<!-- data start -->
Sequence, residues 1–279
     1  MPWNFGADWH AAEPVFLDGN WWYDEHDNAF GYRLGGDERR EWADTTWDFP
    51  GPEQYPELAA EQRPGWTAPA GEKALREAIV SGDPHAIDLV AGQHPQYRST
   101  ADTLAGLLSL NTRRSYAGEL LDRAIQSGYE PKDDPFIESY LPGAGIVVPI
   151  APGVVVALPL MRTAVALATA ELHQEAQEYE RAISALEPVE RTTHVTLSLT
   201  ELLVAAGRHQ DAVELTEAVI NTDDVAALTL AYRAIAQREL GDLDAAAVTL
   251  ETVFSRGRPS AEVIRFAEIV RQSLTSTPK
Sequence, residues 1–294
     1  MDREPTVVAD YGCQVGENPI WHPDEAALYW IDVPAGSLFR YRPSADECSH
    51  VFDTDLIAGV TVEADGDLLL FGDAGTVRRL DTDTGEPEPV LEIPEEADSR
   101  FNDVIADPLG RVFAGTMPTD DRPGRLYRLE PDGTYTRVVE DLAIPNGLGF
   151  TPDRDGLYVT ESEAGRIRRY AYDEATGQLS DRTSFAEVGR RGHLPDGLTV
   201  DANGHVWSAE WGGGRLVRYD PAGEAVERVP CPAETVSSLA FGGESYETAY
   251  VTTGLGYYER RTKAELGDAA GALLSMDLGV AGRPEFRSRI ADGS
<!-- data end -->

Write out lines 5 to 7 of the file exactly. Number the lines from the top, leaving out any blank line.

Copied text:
   151  APGVVVALPL MRTAVALATA ELHQEAQEYE RAISALEPVE RTTHVTLSLT
   201  ELLVAAGRHQ DAVELTEAVI NTDDVAALTL AYRAIAQREL GDLDAAAVTL
   251  ETVFSRGRPS AEVIRFAEIV RQSLTSTPK